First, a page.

6. Conclusions

Neutrophils are one of the central figures of innate immunity, and based on recent research, this cell type is more relevant to the onset and progression of IBD than initially postulated. Pre-clinical and clinical data unequivocally demonstrate the prominent role played by neutrophils in different aspects of IBD pathophysiology. The complete understanding and regulation of neutrophil biology open the door to developing new drugs for treating IBD. Some of the putative new therapeutic targets to combat intestinal inflammation described above show promising results, particularly in mice colitis models. However, the translation of those approaches to the human setting must entail comprehensive knowledge of how to blockade excessive neutrophil activation while preserving normal neutrophil function, as their complete elimination would also impair the physiological host defence against pathogens and the resolution of inflammation. Therefore, further studies on the cellular and molecular mechanisms controlling neutrophil functions are still necessary.

Author Contributions

Conceptualization, J.C.-A.; writing—original draft preparation, M.C.-G. and L.A.; writing—review and editing, J.C.-A.; funding acquisition, J.C.-A. All authors have read and agreed to the published version of the manuscript.


M.C.-G. is the recipient of a predoctoral fellowship funded by the Health Research Insititute of Santiago de Compostela (IDIS). L.A.´s work is funded by the Xunta de Galicia under the “Investigo Program”. The research of J.C.-A. is funded by the Instituto de Salud Carlos III through the “Miguel Servet” Program and by the Fondo Social Europeo (FSE), CP19/00172 and PI21/00880.


We would like to thank the developers of the free software “smart servier medical art”—, which helped us to create Figure 1 and Figure 2.

Conflicts of Interest

The authors declare no conflict of interest.


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Figure 1. Schematic representation of the functions developed by neutrophils during inflammation. 1. Neutrophils secrete pro-inflammatory mediators during the acute inflammatory response. 1.1. Neutrophil apoptosis and efferocytosis, with the production of pro-resolutive factors, lead to the resolution of inflammation. 1.2. Persistent neutrophil infiltration and low apoptotic rates contribute to the chronification of intestinal inflammation.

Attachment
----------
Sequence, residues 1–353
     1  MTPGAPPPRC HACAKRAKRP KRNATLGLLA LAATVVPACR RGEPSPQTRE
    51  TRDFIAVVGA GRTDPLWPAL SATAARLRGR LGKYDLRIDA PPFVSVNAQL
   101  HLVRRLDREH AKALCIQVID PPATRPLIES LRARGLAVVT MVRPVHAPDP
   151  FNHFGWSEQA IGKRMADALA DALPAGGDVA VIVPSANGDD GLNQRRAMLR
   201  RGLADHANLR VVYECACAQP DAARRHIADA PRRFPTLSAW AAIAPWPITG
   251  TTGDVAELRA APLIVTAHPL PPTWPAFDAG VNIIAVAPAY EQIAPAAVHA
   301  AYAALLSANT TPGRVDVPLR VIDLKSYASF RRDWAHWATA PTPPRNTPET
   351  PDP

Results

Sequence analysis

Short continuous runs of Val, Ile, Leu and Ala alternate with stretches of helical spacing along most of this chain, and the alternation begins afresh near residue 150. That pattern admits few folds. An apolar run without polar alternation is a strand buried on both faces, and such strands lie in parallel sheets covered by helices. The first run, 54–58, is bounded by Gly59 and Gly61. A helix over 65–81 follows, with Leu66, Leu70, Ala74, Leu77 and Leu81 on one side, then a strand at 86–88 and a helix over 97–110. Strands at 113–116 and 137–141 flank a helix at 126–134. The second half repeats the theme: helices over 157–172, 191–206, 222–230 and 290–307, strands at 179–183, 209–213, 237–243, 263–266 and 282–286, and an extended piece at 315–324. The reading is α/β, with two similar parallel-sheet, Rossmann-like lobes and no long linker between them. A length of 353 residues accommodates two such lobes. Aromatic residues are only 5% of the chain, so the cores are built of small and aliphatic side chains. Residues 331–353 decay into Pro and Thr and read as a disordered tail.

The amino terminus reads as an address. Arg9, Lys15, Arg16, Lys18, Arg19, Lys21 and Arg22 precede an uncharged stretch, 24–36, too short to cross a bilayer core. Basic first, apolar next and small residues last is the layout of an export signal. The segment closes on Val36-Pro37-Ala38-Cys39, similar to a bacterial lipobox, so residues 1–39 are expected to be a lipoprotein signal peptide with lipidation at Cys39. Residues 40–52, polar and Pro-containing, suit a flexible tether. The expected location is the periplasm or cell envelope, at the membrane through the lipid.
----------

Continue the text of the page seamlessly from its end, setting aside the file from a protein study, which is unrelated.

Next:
Figure 1. Schematic representation of the functions developed by neutrophils during inflammation. 1. Neutrophils secrete pro-inflammatory mediators during the acute inflammatory response. 1.1. Neutrophil apoptosis and efferocytosis, with the production of pro-resolutive factors, lead to the resolution of inflammation. 1.2. Persistent neutrophil infiltration and low apoptotic rates contribute to the chronification of intestinal inflammation.
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Figure 2. A summary of the different approaches used to block neutrophil extracellular traps formation.
Figure 2. A summary of the different approaches used to block neutrophil extracellular traps formation.
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Arosa, L.; Camba-Gómez, M.; Conde-Aranda, J. Neutrophils in Intestinal Inflammation: What We Know and What We Could Expect for the Near Future. Gastrointest. Disord. 2022, 4, 263-276.

AMA Style

Arosa L, Camba-Gómez M, Conde-Aranda J. Neutrophils in Intestinal Inflammation: What We Know and What We Could Expect for the Near Future. Gastrointestinal Disorders. 2022; 4(4):263-276.

Chicago/Turabian Style

Arosa, Laura, Miguel Camba-Gómez, and Javier Conde-Aranda. 2022. "Neutrophils in Intestinal Inflammation: What We Know and What We Could Expect for the Near Future" Gastrointestinal Disorders 4, no. 4: 263-276.